A report in Sky News today said that lawyers representing the News of the World‘s phone-hacking victims in the UK are planning to cross the pond and sue parent company News Corp and directors including James and Rupert Murdoch. In addition to the hacking claims, investigators are probing whether bribes offered to police officials by company representatives constitute a violation of the Foreign Corrupt Practices Act — which can be enforced even if the bribes are made overseas. The lawyer for murdered schoolgirl Milly Dowler, whose phone was hacked by journalists at the now-defunct NOTW tabloid owned by News Corp arm News International, is part of the legal push, telling Sky the action “will raise issues about the role of a parent company over its subsidiaries.” He has hired New York lawyer Norman Siegel, who represented several families of 9/11 victims, to investigate legal options stateside. Reports are coming out of the UK daily about the hacking scandal and its reverberations, but any time the words “Murdoch” and “U.S.” are involved, it fuels fears of stockholders and board members, who already are wary that the scandal could have far-reaching implications for the future of the media giant, which is based in New York.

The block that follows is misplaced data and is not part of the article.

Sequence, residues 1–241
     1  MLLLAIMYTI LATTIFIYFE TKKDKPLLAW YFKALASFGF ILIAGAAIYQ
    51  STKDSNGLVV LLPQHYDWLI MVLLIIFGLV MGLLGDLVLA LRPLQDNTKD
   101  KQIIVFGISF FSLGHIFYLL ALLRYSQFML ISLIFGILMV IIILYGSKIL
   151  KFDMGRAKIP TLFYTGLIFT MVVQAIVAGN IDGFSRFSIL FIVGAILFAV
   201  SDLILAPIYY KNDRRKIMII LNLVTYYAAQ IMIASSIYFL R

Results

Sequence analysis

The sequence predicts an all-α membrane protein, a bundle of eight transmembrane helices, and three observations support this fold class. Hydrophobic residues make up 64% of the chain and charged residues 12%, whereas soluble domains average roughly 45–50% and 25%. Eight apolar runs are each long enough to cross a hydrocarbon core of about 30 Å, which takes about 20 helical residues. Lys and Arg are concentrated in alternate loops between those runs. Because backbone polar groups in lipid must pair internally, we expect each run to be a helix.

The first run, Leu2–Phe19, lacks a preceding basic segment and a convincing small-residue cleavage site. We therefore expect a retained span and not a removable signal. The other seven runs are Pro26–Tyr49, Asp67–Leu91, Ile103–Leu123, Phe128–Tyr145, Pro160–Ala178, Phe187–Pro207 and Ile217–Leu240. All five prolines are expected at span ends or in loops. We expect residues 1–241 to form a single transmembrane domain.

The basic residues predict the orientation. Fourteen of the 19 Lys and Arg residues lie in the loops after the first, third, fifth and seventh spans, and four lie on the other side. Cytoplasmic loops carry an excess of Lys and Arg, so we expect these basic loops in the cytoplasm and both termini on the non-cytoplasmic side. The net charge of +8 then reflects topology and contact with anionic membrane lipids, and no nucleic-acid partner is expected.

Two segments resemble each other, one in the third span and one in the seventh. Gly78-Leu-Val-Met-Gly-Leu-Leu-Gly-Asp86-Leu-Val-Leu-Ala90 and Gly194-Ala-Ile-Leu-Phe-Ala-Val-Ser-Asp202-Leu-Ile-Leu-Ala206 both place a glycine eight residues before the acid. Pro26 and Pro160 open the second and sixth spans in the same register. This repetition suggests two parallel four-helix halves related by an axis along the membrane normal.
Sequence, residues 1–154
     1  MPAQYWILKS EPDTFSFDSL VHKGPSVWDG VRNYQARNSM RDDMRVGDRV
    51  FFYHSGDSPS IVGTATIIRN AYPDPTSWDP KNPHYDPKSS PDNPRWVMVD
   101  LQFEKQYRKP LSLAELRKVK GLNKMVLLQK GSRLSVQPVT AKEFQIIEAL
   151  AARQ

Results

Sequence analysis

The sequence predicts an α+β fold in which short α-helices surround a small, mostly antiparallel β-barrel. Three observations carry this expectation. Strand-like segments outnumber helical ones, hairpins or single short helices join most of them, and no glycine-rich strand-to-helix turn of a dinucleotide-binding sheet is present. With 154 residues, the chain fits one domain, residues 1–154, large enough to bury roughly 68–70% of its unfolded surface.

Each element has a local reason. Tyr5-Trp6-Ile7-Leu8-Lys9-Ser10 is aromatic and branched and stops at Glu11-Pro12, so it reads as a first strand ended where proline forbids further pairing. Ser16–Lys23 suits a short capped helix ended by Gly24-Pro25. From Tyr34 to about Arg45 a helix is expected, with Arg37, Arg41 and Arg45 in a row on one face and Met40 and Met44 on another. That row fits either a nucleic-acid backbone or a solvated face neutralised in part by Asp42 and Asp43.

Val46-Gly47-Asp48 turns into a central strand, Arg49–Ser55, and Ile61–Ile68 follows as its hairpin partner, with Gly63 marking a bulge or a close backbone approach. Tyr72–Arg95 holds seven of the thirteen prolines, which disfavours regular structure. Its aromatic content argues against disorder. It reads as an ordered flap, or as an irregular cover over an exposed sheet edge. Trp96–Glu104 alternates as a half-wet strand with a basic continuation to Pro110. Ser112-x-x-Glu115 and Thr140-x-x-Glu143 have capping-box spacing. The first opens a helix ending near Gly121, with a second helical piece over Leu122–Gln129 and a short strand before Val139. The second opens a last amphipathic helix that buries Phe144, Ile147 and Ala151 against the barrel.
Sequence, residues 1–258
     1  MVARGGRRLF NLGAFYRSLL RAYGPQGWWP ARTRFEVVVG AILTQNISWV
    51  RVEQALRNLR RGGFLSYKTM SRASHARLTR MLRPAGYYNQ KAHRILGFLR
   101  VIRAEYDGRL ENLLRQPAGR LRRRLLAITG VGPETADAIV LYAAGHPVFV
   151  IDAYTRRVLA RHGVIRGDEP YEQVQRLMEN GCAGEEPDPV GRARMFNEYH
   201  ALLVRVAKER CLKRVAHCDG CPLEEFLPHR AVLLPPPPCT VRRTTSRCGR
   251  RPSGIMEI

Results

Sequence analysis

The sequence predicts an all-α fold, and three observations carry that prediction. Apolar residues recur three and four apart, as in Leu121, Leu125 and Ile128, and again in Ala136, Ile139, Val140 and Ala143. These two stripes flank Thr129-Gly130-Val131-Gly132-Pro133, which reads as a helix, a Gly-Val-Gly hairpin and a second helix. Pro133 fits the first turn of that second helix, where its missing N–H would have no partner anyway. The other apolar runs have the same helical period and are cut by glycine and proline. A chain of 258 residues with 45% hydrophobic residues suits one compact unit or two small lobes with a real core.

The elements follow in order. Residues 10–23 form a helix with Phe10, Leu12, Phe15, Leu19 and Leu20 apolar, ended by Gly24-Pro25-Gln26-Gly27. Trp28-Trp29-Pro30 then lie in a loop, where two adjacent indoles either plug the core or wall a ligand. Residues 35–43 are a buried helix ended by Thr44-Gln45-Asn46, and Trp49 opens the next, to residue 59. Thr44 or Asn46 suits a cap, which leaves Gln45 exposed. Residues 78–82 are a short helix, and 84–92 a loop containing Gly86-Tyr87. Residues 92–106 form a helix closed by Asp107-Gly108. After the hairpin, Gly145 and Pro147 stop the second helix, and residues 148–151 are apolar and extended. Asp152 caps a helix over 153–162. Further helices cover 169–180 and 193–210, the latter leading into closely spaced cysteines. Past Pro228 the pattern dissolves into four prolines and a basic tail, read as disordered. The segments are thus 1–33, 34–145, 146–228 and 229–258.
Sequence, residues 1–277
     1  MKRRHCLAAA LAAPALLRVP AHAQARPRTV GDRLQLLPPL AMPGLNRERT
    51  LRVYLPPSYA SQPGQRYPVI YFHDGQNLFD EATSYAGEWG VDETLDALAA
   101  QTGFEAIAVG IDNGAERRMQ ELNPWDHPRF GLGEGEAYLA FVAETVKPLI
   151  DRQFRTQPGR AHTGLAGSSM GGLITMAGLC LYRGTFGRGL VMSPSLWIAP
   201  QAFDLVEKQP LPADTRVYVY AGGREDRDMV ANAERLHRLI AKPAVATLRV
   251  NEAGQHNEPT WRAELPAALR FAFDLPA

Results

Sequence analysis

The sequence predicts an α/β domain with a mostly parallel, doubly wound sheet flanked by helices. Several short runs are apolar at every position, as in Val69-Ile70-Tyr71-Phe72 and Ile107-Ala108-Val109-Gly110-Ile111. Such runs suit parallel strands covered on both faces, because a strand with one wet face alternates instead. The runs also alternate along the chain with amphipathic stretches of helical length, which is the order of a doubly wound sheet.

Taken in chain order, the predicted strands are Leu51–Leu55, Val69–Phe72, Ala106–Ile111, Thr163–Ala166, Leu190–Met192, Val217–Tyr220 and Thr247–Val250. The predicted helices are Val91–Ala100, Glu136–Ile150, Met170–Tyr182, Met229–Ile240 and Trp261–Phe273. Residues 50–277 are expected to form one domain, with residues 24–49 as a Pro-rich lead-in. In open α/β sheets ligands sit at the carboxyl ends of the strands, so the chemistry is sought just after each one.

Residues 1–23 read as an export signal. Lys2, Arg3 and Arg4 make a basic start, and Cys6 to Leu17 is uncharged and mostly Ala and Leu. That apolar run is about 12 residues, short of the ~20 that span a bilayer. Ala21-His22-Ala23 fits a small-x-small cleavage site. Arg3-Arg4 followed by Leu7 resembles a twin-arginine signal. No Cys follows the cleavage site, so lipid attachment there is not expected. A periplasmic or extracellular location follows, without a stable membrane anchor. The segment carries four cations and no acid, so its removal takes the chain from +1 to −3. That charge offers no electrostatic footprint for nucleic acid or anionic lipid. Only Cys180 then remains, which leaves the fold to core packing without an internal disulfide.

Can News Corp Escape The Hacking Scandal Unscathed?
Rupert Murdoch’s News International has offered to pay roughly $4.7M to settle the case brought against it by the family of murdered schoolgirl Milly Dowler. That’s a hefty amount –Murdoch is reported to have been personally involved with the negotiations– which could help or hurt the conglom as it moves through the scandal. News Corp. is trying to “be seen to be generous as it’s much more than would be awarded by a court,” said Niri Shan, the head of media law at Taylor Wessing LLP in London told Bloomberg. “The only downside is if it potentially sets an unrealistic expectation for others.” The settlement includes a 2 million-pound payment to the Dowler family and a 1 million-pound donation to charity. The settlement could be announced tomorrow morning but The Guardian said that the family has yet to sign off. Reports that Dowler’s voice mails had been hacked ignited the public outcry that forced News Corp to close the News of the World and drop its bid for full control of BSkyB. Parliament decided last week to have News Corp’s Deputy COO James Murdoch testify again, after after former employees questioned statements he made about his knowledge of the hacking at the tabloid.